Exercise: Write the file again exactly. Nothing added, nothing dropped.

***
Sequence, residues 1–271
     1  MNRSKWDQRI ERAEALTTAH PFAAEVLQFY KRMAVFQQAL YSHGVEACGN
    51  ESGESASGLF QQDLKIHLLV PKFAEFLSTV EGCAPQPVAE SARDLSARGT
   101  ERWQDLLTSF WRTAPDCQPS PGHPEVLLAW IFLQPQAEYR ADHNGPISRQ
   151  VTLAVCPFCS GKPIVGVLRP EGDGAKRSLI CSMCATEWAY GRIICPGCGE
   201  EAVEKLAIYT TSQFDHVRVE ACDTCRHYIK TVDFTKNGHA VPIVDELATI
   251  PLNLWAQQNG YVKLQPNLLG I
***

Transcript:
Sequence, residues 1–271
     1  MNRSKWDQRI ERAEALTTAH PFAAEVLQFY KRMAVFQQAL YSHGVEACGN
    51  ESGESASGLF QQDLKIHLLV PKFAEFLSTV EGCAPQPVAE SARDLSARGT
   101  ERWQDLLTSF WRTAPDCQPS PGHPEVLLAW IFLQPQAEYR ADHNGPISRQ
   151  VTLAVCPFCS GKPIVGVLRP EGDGAKRSLI CSMCATEWAY GRIICPGCGE
   201  EAVEKLAIYT TSQFDHVRVE ACDTCRHYIK TVDFTKNGHA VPIVDELATI
   251  PLNLWAQQNG YVKLQPNLLG I